Although his first love was dinghy racing, he liked to try different sailing experiences. In 1972 he borrowed a Star Class yacht and competed in the Australian Olympic trials, coming a creditable second to David Forbes (who went on to win the gold medal in this event at the Munich Olympics). As another example, one year on a whim he borrowed Norman Blacker’s Heron, which it must be said was an old overweight tub with an undersized, ancient sail, made of some stretchable material, and competed in the national championships held in Rose Bay. I suspect he did this partly to keep me involved in sailing and as a bonding exercise, because I was enlisted as his for’ard hand. Anyway, thanks to his formidable sailing skills, tactical experience and local knowledge, we managed to come second behind the sailmaker Mike Fletcher. I would like to claim that I was not just a deadweight, but helped him with tactics and picking windshifts, but that would be a wild exaggeration.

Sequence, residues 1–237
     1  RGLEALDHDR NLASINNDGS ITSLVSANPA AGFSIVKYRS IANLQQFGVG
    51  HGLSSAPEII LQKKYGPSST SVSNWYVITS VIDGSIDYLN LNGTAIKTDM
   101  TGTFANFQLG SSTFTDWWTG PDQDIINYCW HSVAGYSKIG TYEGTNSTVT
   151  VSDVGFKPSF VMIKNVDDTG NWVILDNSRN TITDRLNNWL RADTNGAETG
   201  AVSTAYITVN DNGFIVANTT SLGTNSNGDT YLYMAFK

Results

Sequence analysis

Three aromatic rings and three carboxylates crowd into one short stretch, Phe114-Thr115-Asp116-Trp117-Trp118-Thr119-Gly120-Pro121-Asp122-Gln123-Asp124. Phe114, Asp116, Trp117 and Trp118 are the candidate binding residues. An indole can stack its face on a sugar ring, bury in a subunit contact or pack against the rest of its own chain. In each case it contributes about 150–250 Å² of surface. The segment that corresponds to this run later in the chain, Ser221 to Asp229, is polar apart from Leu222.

He also greatly enjoyed the camaraderie of yacht racing on the harbour, on Frank Collins’ bluebird “Bolero”, followed by lengthy, well-lubricated debriefing sessions, euphemistically known as “choir practice”, with his sailing mates in the Collins’ boatshed.
I used to participate, if that’s the word, in some of these races as a cabin boy, whose job was to wool the spinnaker on the upwind legs, so it would be easier to hoist and crack open at the beginning of the runs. This meant keeping well out of the way most of the time, but it was an interesting education in yachting techniques and salty language!